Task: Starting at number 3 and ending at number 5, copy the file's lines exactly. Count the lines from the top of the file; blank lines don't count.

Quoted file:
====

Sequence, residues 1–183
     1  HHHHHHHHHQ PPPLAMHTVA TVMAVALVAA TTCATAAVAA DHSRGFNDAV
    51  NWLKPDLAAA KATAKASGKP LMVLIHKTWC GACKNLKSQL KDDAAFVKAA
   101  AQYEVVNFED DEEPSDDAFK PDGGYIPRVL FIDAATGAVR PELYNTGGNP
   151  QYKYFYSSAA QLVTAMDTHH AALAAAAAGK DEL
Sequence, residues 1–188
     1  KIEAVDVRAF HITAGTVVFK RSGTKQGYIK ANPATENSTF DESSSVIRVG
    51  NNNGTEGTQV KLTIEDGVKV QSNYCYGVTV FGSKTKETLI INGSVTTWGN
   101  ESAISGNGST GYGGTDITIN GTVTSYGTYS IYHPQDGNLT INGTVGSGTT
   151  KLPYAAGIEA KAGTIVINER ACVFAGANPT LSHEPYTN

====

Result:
    51  NWLKPDLAAA KATAKASGKP LMVLIHKTWC GACKNLKSQL KDDAAFVKAA
   101  AQYEVVNFED DEEPSDDAFK PDGGYIPRVL FIDAATGAVR PELYNTGGNP
   151  QYKYFYSSAA QLVTAMDTHH AALAAAAAGK DEL